A wise scholar once told me that the difference between being able to recognize a good piece of writing and producing one ourselves is akin to something like watching the Olympics and participating in them. Fitting or not, I always found this metaphor to be a useful one when questioning the relationship between reading and writing: To be good writers, do we also need to be good readers? And if so, What is good reading exactly about and how does one do it?
To complicate things further, we can think of a third process, or a third way of being part of the Olympics: helping others participate in them. Being able to do this doesn’t necessarily mean you could qualify to participate yourself, although it does involve a great deal of watching the games. A useful question to ask regarding this could be something like, How do we help each other write better?
When we decided to organize a workshop on academic writing, we did not quite imagine how enjoyable and rewarding it would all turn out to be. Our Academic Writing Clinic – as we chose to name it – was our first attempt to organize a peer-to-peer workshop in which early-career higher education researchers would gather to talk about good practices, challenges, pitfalls, mistakes, and not least the many myths integral to the academic writing practice nowadays.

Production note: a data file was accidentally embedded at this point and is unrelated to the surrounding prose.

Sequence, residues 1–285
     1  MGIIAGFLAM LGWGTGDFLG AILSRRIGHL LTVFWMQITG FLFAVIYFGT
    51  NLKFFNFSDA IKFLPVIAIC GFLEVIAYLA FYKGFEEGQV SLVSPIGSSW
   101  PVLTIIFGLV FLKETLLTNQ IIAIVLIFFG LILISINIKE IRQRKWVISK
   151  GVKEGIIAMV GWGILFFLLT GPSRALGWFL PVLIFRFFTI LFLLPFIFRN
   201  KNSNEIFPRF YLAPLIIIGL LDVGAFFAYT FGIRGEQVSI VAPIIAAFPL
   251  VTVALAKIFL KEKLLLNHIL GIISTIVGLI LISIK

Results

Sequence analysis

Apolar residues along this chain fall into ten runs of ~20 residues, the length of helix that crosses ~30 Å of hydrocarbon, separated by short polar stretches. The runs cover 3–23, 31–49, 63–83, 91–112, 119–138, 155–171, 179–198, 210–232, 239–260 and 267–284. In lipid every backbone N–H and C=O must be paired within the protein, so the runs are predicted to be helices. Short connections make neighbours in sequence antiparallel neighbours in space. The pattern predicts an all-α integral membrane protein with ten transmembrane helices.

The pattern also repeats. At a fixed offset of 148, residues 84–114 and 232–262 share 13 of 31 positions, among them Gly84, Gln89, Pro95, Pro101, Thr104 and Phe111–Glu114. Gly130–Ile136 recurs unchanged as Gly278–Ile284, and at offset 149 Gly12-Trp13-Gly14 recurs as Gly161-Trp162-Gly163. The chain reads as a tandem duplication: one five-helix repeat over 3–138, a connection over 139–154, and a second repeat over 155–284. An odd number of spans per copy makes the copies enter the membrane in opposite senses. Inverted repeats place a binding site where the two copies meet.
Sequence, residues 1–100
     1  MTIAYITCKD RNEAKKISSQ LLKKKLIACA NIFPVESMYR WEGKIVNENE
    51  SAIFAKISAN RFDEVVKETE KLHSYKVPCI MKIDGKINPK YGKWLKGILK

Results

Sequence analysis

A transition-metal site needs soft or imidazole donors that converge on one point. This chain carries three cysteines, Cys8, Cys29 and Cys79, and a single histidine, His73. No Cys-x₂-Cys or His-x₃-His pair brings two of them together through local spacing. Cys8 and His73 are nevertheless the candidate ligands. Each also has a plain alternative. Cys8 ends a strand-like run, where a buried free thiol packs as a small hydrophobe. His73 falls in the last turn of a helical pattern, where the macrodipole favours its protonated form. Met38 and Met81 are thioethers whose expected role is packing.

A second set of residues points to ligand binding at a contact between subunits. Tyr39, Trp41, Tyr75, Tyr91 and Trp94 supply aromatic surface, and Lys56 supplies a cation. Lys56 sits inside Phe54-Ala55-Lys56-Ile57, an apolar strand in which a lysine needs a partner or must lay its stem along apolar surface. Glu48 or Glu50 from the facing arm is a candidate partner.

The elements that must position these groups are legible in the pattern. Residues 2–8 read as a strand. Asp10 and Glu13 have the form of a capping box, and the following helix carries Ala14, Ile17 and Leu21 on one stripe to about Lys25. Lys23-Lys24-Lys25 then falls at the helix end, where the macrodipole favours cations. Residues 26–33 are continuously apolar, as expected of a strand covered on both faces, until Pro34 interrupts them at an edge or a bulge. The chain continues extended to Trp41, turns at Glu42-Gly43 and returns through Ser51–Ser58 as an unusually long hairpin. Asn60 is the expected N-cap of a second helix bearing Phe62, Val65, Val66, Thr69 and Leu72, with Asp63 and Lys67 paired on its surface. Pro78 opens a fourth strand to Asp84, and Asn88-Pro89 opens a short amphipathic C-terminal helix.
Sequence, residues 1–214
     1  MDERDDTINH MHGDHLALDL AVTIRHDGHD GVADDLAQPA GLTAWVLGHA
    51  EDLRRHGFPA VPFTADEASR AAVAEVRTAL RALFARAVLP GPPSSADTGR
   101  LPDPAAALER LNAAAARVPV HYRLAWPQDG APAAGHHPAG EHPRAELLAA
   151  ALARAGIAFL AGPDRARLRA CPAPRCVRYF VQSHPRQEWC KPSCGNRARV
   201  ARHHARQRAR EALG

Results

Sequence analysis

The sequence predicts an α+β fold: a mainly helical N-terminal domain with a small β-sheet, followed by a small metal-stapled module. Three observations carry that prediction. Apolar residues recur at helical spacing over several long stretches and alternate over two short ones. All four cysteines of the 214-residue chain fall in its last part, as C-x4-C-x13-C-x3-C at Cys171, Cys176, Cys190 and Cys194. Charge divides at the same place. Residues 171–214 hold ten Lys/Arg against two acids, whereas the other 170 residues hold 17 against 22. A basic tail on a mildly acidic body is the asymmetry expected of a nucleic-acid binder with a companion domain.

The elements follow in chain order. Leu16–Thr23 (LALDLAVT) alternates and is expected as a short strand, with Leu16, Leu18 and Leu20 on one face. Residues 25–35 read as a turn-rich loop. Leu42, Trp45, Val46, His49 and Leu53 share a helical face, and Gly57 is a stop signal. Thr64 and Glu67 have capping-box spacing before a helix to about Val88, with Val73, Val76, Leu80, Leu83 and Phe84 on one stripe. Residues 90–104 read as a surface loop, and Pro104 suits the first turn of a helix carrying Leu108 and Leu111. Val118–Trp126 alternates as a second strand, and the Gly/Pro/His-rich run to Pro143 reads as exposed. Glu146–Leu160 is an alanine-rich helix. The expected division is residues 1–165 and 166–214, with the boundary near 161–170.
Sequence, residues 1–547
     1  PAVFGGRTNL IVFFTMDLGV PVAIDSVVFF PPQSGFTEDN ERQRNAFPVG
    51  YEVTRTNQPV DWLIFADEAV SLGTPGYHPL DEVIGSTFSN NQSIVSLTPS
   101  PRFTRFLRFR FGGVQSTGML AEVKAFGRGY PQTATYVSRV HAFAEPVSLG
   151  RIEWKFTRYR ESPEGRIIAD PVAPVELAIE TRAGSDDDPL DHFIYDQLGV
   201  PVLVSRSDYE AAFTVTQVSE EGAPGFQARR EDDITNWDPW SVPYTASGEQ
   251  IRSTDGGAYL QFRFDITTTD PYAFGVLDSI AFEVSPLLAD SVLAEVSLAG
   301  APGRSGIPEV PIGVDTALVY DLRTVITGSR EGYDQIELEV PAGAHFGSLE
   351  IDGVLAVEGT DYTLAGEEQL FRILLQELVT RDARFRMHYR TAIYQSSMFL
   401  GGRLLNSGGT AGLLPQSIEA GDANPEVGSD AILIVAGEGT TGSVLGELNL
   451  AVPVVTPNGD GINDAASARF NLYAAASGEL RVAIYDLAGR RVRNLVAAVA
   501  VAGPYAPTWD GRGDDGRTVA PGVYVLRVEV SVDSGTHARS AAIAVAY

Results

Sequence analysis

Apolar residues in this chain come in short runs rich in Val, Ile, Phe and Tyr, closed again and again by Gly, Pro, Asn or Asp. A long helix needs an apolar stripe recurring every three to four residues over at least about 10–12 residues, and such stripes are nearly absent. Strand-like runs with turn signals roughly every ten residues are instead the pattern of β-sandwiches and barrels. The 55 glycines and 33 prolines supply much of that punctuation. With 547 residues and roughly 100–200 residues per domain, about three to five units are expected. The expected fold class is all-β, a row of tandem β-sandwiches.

From the outset we knew we had to go beyond our personal experience and our own private wisdoms about writing and likely have them challenged. So we read books, searched blogs, watched videos, and discussed among ourselves. We also asked around. We approached colleagues who have made important contributions to the field of higher education studies – as authors, editors, reviewers, and supervisors.
Majority were kind enough to take part in this exercise by sending us their thoughts on academic writing, sharing their views on common mistakes, offering pieces of advice, and recommending literature. We are very grateful for this and we would like to give all of them here a big THANK YOU for taking the time and especially for having inspired us to think of this beyond a single event.
As we were wrapping up our workshop last Tuesday evening, one thing became clear: the Academic Writing Clinic was only the beginning. The resources and inputs we collected over the past months, the material we prepared, the feedback we received from the participants, and not least our experience from the workshop itself, seemed to us too valuable to be kept away from a broader community of scholars, junior and senior alike.
We have therefore decided to make this material available on this website. In addition to making it accessible to a broader audience, we also wish to turn the page into a site of collective reflection on what academic writing is all about, in the field of higher education studies and beyond.
Jelena Brankovic is a postdoctoral researcher and lecturer at the Faculty of Sociology, Bielefeld University, Germany. Currently she is trying to figure out how to get as many people as possible to help make ECHER a more relevant organization for the community. She is also one of the lead editors of ECHER Blog. You can follow her on Twitter.